Young Muslims as insiders and outsiders
in Immigrants as outsiders in the two Irelands
Abstract only
Log-in for full text

You are not authenticated to view the full text of this chapter or article.

manchesterhive requires a subscription or purchase to access the full text of books or journals - to see content that you/your institution should have access to, please log in through your library system or with your personal username and password.

If you are authenticated and think you should have access to this title, please contact your librarian.

Non-subscribers can freely search the site, view abstracts/extracts and download selected front and end matter. 

Institutions can purchase access to individual titles; please contact for pricing options.


If you have an access token for this content, you can redeem this via the link below:

Redeem token

This chapter considers inclusion and exclusion from the perspective of younger immigrants and second-generation members of a long-established religious minority community in the rural West of Ireland. Drawing on the narrative contributions of thirty-three ethnically and culturally diverse Muslim teenagers, it explores the complex dynamics of inclusion and exclusion in school and community settings. The discussion highlights barriers to inclusion faced by Muslim teens while attending school, drawing attention to issues such as dress codes, religious observances and language barriers as being particularly challenging. The discussion also outlines the challenges faced by Muslim teens in negotiating community membership, emphasising intergenerational conflict as an issue affecting daily life. Using a novel categorisation of migrant cohorts, the chapter offers a nuanced analysis which reveals Muslim teens as actively negotiating their positions as ‘insiders’ and/or ‘outsiders’ on an ongoing basis and from a range of available cohort positions. In doing so it highlights the variety of pathways to inclusion employed, as well as the risks of exclusion facing young immigrants.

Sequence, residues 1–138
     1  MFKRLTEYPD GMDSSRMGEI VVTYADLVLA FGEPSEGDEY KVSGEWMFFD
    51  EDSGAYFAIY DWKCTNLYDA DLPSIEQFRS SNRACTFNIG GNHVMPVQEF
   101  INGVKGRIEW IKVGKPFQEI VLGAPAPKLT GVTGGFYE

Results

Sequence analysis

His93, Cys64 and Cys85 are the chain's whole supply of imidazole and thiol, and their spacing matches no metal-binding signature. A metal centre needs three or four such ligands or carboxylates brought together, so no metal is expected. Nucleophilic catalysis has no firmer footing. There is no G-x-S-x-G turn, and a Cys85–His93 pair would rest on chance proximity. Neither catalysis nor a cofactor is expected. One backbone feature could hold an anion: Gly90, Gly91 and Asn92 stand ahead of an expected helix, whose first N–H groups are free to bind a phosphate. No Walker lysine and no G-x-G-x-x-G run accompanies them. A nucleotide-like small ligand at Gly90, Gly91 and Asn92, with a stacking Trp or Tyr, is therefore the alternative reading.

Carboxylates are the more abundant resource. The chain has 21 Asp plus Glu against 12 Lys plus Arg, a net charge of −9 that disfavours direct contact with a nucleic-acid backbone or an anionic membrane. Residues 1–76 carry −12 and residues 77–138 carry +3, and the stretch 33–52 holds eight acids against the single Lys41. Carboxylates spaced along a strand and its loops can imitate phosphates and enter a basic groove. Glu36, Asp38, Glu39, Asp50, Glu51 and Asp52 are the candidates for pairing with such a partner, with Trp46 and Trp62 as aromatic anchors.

All Time Past Year Past 30 Days
Abstract Views 56 56 0
Full Text Views 16 16 0
PDF Downloads 1 1 0